• Bill English 8.5English’s “vast experience” had given much the same quiet confidence Adams was now finding, which mean English had “the ability to take the heat out of issues that threaten to run out of control”. 
  • Murray McCully 8.0Foreign Affairs Minister Murray McCully had “huge year on the foreign affairs front”, particularly with the UN Security Council. But if it wasn’t for the Saudi sheep deal, he may have scored higher.
  • Chris Finlayson 7.5
    Due to his treaty negotiations.

At the bottom:

  • Sam Lotu-Iiga 4.5
    “needs to be faster on his feet”
  • Louise Upston 4.5
    “poor performer in the media”


  • Andrew Little 6.5
    – leadership was “solid”, which on it’s own meant he had a good year. The transTasman editors said he lost marks for sounding like union leader, rather than alternative Prime Minister. 
  • Kelvin Davis 6.5
    “cracked open the Serco scandal and made the most of it,” but had to be cautious about “going over the top”
  • Annette King 6.0
    “invaluable” deputy leader, who kept the caucus “and occasionally the leader”, in line
  • Phil Twyford 5.5
    He has a tendency to get “over the top”, and loose data based on the number of Auckland houses sold to people with Chinese- sounding names, does not make a story of overseas property speculation.It does make it impossibly hard for his leader and caucus colleagues to defend however, when allegations of xenophobia inevitably start flying.

No rating given but didn’t ‘fare as well’:

  • Jacinda Ardern
    “at risk of losing her lustre altogether”, “pleasant MP who smiles a lot”, but she had done little with her justice portfolio.
  • Grant Robertson
    Labour’s “strongest debater in the house”, but was failing to land any blows on English. “Must get traction in the finance portfolio”.

Robertson and Ardern went close to becoming Labour’s leadership team.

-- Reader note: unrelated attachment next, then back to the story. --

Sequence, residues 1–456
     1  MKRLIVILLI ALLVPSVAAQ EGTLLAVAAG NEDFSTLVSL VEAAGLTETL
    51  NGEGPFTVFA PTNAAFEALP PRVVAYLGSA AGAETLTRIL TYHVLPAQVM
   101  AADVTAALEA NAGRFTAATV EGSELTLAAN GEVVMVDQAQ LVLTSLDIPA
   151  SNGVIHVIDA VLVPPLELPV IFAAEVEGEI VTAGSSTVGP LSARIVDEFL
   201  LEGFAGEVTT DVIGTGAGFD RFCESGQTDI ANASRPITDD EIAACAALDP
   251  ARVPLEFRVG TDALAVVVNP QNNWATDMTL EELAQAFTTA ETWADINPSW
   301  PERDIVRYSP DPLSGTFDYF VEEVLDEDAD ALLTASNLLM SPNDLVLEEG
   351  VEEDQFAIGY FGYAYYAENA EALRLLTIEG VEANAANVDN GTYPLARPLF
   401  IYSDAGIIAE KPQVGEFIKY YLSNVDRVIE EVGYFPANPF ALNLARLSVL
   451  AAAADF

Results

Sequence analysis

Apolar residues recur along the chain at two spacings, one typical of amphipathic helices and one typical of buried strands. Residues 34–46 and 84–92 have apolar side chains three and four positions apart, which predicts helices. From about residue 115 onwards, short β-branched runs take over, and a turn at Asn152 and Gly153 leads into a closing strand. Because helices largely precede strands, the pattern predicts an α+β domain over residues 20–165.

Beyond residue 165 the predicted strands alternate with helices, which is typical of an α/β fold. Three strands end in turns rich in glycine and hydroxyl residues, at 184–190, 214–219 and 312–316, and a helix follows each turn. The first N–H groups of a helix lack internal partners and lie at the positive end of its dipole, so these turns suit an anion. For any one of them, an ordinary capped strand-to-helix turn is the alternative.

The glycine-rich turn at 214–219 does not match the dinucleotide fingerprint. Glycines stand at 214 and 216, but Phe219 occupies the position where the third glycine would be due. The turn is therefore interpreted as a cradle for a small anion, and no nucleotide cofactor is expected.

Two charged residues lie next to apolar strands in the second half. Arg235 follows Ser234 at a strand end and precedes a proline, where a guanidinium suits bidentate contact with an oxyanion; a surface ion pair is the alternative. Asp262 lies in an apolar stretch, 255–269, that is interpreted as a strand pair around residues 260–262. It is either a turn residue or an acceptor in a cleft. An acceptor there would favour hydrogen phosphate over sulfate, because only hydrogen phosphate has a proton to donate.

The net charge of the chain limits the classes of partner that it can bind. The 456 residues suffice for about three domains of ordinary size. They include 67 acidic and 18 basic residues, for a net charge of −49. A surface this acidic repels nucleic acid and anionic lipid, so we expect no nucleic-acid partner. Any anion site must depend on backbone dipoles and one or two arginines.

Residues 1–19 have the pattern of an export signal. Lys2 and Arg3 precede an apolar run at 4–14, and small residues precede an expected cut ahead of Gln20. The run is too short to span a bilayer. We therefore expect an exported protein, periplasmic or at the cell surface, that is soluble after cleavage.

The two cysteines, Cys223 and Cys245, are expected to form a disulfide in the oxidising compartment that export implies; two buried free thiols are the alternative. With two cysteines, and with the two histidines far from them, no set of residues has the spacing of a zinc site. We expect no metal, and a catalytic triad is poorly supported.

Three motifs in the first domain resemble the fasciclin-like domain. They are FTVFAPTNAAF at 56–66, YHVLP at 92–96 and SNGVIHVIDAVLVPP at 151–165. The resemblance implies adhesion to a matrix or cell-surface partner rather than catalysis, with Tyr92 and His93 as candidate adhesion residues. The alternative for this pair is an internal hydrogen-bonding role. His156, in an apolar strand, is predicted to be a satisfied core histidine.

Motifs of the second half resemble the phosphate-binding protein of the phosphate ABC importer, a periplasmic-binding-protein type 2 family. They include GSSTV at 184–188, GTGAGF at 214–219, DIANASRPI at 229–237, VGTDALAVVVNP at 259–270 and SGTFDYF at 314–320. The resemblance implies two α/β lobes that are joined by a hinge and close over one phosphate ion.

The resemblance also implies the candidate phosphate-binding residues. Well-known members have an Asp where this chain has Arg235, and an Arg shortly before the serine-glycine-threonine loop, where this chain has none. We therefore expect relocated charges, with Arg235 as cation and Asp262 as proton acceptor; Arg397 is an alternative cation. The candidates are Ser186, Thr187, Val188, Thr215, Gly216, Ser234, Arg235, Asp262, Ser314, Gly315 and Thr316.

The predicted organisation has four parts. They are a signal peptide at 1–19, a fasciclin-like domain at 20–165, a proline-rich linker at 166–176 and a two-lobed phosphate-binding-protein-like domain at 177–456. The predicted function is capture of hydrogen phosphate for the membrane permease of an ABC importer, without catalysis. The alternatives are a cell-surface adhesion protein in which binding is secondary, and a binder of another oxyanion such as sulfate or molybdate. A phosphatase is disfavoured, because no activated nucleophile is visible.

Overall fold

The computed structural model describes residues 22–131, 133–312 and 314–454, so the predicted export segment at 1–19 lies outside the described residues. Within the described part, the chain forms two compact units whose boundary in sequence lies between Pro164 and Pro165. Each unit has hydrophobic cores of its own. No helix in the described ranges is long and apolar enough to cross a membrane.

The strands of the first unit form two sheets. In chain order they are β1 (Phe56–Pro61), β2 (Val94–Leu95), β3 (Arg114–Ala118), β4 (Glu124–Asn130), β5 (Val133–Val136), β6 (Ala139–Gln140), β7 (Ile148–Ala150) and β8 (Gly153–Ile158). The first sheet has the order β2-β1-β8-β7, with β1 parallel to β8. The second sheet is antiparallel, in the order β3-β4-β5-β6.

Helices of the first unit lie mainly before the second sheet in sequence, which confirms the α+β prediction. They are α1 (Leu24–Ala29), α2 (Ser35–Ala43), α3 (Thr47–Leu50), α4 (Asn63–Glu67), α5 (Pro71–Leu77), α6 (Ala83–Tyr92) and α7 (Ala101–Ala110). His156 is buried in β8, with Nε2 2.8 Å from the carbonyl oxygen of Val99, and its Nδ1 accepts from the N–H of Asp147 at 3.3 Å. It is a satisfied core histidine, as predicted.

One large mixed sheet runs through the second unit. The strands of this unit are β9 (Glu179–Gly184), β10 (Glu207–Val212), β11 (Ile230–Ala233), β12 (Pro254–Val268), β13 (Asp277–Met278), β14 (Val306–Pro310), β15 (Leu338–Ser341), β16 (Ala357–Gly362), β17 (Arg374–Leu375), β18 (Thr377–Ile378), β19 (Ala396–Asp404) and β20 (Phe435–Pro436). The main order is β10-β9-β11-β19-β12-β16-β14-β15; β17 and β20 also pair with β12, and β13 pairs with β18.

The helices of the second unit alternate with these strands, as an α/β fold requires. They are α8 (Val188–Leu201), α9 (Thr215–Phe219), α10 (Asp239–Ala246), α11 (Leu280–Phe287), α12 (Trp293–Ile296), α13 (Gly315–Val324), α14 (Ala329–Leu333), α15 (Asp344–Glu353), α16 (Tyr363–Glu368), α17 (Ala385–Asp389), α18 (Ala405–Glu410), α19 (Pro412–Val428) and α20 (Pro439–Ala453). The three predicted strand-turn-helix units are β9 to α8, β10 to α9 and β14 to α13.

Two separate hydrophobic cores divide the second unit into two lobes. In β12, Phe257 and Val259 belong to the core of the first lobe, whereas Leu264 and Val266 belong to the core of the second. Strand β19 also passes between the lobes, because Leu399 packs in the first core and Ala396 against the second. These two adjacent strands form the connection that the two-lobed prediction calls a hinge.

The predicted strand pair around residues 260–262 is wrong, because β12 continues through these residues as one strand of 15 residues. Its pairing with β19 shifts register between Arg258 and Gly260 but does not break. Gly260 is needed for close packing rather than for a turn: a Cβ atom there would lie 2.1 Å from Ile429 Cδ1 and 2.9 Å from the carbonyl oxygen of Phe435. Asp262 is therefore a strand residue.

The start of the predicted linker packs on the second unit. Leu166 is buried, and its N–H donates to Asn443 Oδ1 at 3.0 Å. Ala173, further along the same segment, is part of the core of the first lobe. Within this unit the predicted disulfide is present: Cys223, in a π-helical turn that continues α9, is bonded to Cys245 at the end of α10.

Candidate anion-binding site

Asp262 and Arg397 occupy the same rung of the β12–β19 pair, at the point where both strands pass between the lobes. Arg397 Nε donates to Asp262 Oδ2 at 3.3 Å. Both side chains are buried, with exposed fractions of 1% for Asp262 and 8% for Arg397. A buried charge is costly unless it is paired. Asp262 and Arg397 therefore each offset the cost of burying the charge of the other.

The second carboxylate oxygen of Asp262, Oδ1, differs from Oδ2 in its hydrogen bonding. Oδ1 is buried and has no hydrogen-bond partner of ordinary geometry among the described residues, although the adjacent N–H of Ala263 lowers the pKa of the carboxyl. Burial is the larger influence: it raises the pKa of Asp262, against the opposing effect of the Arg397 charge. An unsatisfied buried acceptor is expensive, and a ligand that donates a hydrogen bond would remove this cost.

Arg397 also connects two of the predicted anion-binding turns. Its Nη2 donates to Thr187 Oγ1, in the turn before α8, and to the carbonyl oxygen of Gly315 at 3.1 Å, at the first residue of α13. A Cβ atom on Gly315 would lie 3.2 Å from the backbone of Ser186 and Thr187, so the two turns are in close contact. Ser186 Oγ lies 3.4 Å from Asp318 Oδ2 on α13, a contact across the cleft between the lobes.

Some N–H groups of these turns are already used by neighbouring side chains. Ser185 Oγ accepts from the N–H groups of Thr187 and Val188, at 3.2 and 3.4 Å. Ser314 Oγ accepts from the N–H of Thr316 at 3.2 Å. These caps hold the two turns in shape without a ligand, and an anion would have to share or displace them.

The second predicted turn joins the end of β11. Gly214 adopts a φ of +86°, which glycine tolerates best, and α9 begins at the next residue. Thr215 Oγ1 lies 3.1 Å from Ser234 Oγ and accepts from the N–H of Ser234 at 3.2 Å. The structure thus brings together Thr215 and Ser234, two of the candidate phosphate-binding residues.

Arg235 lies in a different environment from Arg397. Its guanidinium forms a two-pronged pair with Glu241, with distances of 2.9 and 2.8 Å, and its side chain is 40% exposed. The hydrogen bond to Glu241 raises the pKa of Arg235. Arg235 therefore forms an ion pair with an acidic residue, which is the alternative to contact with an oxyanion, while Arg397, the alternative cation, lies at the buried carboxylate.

No MPs from other parties rated a mention from Kirk apart from: Winston Peters’ NZ First party to sap up the protest vote in any “Trump” style rebellion at next year’s election.

The NZ First vote probably tends to be more a vote against the others than a vote for them.

Michael Laws to be Sterilisation Selector chief?

Or just mischief.

Ratings time must be due in radioland. Michael Laws is at his attention seeking best (or worst):

Stop feckless mums having more kids

One of the great moral disasters of our time is that our society lets inadequate people have children. In fact, it doesn’t just allow the pathetic to become parents, it positively encourages it.

We do so through a social welfare system originally designed to stop such folk starving on the streets. Now we encourage the feckless and the failed to reproduce themselves.

That’s really trying to appeal to a demographic.

But oh no, it’s better to let people breed than do the right thing. Sterilise them. Failing that, pay them not to breed. Stop them from ever having children.

Laws doesn’t give details about how this might be done. Of course he knows it can’t be done in a decent society. But he doesn’t get ratings boosts from decent people.

This is the crazy consequence of surmising and supposing that having a child is an inalienable right. It is time to say, that it is not. Society has a duty to determine the calibre and character of its future generations. And that right is greater.

Laws would never put himself in a position of chief Selection Selector. And he doesn’t wear a Brown Shirt. He just promotes his brown arm, to stir up hate so he can rate.

At his most disgraceful.

Talkback doesn’t get so excited about teaching better parenting skills and family planning.